8. The Cornelius Vanderbilt II Mansion, 742-748 Fifth Avenue: Demolished

Cornelius Vanderbilt II house, one of the largest lost Gilded Age Mansions
The Cornelius Vanderbilt II Mansion on 57th Street and 5th Avenue, now demolished. Photo from Library of Congress, Prints & Photographs Division, Detroit Publishing Company Collection

The home of Cornelius Vanderbilt II was allegedly the largest single-family house in New York City at the time, a far cry from his father’s humble beginning on Staten Island. Using the fortune he inherited from his father the Commodore, Cornelius purchased three brownstones on the corner of 57th Street and 5th Avenue, only to knock them down and build his own from scratch. Not to be outdone by her sister-in-law Alva, Cornelius’ wife Alice Vanderbilt made sure their home was lavish. The Cornelius Vanderbilts hired George B. Post to design the home, and later enlisted Alva’s favorite architect Richard Morris Hunt to help Post make the mansion even larger in the 1890s.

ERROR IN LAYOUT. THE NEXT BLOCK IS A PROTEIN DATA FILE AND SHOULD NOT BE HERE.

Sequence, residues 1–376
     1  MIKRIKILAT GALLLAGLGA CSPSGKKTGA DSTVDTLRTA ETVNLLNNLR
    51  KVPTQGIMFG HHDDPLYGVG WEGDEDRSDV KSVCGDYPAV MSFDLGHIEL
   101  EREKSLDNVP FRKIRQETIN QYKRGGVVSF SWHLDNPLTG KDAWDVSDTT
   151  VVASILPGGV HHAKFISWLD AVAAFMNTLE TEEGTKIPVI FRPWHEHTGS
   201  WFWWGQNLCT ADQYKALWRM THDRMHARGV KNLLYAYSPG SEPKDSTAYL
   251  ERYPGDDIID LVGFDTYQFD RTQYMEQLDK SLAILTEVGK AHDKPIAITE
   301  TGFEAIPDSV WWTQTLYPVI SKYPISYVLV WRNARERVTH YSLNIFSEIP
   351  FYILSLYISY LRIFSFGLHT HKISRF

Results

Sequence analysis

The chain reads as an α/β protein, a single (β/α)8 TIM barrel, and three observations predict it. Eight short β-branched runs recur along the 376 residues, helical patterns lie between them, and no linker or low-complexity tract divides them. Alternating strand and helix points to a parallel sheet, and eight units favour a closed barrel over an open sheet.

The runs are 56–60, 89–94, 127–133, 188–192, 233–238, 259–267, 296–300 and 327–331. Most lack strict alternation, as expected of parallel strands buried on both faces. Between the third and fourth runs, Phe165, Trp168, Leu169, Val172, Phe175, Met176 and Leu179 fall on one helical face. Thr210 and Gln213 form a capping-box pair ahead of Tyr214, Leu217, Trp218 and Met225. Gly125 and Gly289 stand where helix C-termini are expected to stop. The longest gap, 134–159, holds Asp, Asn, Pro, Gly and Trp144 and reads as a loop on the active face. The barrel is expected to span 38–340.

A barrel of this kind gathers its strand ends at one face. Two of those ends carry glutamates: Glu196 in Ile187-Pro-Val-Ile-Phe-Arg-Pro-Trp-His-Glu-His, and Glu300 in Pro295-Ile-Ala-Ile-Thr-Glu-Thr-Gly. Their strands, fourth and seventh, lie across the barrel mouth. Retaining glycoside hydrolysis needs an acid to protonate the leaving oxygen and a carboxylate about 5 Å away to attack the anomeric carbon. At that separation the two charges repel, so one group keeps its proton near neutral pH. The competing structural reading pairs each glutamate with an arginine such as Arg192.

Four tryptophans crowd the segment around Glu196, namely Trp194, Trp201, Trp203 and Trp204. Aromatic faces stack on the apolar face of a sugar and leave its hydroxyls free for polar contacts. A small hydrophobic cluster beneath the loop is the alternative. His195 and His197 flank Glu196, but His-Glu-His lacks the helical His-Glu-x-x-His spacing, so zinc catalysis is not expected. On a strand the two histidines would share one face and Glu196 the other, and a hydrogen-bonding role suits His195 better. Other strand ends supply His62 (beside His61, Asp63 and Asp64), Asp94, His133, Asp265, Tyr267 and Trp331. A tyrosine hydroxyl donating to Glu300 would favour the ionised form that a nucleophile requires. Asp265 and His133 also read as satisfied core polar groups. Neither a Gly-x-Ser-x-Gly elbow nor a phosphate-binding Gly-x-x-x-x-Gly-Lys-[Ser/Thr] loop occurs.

By the 1920s, the grand home was dwarfed by surrounding commercial development including the Plaza Hotel and the Heckscher Building. Alice sold the home in 1926 to a realty corporation that demolished it and built the Bergdorf Goodman department store, which still stands there today. Despite the home’s demolition, you can still track down the remnants of the mansion scattered around Manhattan, including the front gates that are now in Central Park, sculptural reliefs now in the Sherry-Netherland Hotel, and a grand fireplace now in the Metropolitan Museum of Art.